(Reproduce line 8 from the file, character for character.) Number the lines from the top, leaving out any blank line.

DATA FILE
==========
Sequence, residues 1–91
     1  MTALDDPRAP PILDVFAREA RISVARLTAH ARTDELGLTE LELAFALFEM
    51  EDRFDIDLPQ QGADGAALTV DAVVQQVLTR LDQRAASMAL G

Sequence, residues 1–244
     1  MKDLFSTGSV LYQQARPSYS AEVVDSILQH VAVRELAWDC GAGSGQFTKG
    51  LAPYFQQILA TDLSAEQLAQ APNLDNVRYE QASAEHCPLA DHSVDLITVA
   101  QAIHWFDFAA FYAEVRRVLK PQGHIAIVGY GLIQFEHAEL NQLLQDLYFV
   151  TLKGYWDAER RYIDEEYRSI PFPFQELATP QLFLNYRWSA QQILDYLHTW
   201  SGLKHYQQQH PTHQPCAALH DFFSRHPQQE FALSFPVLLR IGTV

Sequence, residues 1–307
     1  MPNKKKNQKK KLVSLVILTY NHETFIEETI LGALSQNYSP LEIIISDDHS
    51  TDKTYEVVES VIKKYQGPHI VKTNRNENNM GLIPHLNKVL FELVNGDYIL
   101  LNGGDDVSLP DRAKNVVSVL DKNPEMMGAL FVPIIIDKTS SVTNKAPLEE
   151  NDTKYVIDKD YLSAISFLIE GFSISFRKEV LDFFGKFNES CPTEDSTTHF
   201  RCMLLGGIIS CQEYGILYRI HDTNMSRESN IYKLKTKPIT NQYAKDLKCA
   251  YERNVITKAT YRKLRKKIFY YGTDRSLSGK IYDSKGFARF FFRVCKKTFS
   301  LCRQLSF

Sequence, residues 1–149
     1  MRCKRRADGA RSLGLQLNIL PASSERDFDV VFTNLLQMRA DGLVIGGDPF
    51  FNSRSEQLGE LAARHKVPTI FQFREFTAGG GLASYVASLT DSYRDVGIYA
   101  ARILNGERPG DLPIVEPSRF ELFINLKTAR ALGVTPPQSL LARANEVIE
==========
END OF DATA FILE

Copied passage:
   151  TLKGYWDAER RYIDEEYRSI PFPFQELATP QLFLNYRWSA QQILDYLHTW